Reclaiming Easter for today’s social movement

David Alexander
Apr 1, 2018 · 5 min read

I beleive in the power of reclaiming things. Reclaiming means removing the layers of myth, trandition, literalism and dogma that can obscure the originating insight.

A growing number of people, especially young people, today identify as “spiritual but not religious” — but this idenfication does not mean that Easter cannot have profound meaning and relevance, esppecially as it relates to todays social movements.

In otherworlds — don’t throw Jesus out with the bath water!

Reclaiming requires unpacking the historical and cultural contextual lenses in order to discover the originating moment of conscious insight that gave birth to the moment. At the most basic level, consciousness is what we are and consciousness is the avenue through which all human experience passes. There is an originating Easter moment that gave birth to everything that followed, including the development of Christianity itself.

So let’s do some unpacking…

First let’s unpackage the cultural context:

To begin with, the Easter moment did not occur 3 days after the crusifiction of Jesus. That is a cultural story and meme that is attached to the Easter moment in order to give it traction in its evolution.

The image of a god buried in a tomb, being withdrawn and said to live again, is thousands of years older than the Jesus-Easter mythology. The themes that the gospel writers draw upon exist in Zoroaster, Mythras, Estar (Ishtar) and Osiris.

Of all the resurrected savior gods that were worshiped before and at the beginning of the Christian myth, none contributed so much to the mythology developing around Jesus as the Egyptian God Osiris.

Osiris was called “Lord of Lords,” “King of Kings” and “the good shepherd.” He was called the god who made “men and women to be born again.” He was called “the resurrection and the life.” He was the “god man” who suffered, died, rose again and lived eternally in heaven. They thought that by believing in Osiris they would share eternal life with him. Egyptian scripture reads as follows: “As truly as Osiris lives so truly shall his followers live also.”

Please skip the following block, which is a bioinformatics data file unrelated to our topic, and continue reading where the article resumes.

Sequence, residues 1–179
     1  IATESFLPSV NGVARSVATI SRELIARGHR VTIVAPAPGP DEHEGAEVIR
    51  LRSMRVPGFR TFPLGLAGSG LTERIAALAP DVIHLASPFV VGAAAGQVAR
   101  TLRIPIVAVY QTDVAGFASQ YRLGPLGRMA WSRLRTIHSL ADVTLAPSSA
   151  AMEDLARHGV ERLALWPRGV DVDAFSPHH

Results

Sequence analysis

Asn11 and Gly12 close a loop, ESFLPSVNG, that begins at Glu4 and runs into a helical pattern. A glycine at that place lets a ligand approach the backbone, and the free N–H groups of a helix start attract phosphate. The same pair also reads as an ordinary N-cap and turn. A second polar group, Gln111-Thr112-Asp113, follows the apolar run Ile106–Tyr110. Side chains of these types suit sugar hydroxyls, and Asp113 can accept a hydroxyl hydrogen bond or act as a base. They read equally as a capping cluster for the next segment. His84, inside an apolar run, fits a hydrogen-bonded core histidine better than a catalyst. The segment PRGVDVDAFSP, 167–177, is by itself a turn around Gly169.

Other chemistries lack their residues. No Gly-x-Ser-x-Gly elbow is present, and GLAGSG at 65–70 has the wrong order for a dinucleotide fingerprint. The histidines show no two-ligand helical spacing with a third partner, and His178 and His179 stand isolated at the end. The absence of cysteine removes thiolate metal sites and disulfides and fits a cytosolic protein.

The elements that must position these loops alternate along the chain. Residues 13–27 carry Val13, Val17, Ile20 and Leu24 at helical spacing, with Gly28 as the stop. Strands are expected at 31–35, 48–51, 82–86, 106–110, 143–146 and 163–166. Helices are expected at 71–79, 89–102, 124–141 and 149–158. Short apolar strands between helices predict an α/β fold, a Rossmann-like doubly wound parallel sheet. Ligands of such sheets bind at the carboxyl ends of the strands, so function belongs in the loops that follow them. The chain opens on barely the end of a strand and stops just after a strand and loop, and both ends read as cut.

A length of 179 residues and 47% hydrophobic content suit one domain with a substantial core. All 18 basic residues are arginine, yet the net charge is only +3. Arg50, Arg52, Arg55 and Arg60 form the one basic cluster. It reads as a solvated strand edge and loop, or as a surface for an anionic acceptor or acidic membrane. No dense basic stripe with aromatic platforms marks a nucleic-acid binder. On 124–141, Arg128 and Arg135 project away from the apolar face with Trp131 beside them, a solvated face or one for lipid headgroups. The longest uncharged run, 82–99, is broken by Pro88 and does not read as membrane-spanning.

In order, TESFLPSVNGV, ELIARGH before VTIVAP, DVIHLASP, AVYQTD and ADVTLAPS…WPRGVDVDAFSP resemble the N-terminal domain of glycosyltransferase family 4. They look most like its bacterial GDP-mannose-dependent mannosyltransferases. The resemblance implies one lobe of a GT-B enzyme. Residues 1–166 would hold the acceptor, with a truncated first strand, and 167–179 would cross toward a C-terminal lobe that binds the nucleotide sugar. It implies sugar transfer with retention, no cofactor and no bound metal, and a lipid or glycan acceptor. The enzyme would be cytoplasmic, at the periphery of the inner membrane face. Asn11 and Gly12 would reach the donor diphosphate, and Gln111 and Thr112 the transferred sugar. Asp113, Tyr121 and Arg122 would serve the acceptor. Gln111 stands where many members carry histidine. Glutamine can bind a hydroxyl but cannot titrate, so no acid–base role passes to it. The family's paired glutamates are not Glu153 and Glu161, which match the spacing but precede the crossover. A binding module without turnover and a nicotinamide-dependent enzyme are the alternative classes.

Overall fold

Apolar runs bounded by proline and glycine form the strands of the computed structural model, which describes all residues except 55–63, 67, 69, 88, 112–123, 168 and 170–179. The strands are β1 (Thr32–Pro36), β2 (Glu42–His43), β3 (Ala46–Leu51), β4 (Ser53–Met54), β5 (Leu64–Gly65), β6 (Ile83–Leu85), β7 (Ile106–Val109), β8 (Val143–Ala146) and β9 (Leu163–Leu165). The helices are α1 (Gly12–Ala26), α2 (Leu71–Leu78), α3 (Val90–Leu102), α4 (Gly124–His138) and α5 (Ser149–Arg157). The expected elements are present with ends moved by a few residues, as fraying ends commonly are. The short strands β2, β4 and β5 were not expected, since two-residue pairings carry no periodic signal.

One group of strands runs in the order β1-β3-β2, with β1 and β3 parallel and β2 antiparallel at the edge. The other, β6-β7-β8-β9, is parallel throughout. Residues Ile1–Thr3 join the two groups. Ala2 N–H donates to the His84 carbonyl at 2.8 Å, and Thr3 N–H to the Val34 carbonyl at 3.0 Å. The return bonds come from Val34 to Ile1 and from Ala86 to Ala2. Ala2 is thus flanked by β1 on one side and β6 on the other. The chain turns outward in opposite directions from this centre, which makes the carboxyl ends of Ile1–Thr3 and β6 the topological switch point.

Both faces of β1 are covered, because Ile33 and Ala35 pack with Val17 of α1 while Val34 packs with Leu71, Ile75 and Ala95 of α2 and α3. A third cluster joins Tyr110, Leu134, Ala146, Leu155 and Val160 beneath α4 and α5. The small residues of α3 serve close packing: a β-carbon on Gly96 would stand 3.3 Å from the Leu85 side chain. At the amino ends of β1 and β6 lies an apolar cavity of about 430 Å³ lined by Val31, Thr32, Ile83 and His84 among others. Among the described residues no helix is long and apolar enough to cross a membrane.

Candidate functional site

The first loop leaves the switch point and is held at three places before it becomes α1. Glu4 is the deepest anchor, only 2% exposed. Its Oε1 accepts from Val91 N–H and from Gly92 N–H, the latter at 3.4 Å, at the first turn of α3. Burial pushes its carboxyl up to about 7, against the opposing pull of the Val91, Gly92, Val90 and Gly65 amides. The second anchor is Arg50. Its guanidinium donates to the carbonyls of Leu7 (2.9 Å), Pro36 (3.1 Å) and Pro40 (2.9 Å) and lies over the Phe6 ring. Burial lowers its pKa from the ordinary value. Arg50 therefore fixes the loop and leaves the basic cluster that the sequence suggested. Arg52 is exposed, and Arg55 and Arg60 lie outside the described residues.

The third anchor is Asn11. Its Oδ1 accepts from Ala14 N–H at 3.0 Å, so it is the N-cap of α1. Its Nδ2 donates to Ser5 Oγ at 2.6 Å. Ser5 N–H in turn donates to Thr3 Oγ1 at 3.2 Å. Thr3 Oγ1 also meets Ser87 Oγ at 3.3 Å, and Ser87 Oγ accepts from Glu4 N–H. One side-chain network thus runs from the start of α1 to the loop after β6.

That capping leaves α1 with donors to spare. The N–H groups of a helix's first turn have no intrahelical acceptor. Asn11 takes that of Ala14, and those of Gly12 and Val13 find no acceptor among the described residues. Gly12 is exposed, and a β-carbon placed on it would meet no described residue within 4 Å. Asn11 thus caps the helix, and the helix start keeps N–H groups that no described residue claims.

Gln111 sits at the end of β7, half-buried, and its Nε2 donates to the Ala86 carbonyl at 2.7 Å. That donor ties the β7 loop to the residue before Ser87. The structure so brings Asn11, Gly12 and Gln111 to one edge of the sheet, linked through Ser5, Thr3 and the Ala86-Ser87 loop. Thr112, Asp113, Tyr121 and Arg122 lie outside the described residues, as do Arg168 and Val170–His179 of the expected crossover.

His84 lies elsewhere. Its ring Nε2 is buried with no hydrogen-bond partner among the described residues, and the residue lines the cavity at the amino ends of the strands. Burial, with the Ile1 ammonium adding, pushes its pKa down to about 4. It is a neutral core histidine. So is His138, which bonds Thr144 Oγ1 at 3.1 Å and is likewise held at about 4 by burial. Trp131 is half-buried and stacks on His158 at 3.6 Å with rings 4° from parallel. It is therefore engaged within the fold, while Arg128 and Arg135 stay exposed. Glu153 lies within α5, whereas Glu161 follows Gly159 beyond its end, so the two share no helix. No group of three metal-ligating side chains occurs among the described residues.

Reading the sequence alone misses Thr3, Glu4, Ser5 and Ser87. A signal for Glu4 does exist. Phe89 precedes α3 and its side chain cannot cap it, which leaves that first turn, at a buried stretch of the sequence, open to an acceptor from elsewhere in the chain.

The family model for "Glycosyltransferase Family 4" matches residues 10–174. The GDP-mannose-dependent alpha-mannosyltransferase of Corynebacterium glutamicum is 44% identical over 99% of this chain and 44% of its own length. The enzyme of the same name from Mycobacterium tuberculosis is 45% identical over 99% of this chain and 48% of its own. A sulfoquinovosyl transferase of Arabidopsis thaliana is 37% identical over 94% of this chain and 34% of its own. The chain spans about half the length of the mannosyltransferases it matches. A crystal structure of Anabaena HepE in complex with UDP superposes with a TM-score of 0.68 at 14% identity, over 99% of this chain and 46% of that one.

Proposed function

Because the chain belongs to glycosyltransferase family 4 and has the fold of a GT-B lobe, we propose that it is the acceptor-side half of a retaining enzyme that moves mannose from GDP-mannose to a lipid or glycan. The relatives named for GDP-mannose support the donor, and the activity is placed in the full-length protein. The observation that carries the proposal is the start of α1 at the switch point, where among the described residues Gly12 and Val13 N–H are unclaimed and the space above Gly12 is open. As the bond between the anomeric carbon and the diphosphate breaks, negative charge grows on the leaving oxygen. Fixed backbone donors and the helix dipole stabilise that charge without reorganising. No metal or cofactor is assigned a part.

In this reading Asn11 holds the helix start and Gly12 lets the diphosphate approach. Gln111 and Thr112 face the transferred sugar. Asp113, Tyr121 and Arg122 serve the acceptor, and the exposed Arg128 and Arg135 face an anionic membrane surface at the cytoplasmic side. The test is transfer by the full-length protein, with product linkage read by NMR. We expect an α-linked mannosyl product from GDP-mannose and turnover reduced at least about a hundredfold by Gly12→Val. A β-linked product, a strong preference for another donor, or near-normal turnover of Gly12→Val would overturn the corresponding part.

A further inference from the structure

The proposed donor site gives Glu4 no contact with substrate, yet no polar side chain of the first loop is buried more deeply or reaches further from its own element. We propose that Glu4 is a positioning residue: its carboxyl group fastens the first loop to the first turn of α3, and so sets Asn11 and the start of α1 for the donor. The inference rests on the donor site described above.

Followers of Mithras participated in a rites of passage which was a symbolic death and rebirth. Association with the reborn God meant favor upon the individual.

Now let’s unpack the historical context:

Jesus lived and spoke into a system of oppression, discrimination and injustice. He spoke into a time of occupation by a white ruling class [The Romans] that did not tolerate anyone identified as “the other” stepping out of Line! The Roman Empire was clear, you can celebrate your culture, but you must follow our rules, pay our taxes and stay within the lines that we draw up. Don’t step out of line, or we’ll make an example of you through a brutal system of capital punishment called public crusifiction.

Both during the time of Jesus’s ministry and in the decades to follow, society was in the cross currents of social unrest; political corruption, religious hipocracy, social tention and economic oppression. To live your life as a “Christian” or follower of Christ — was to put your very life at risk.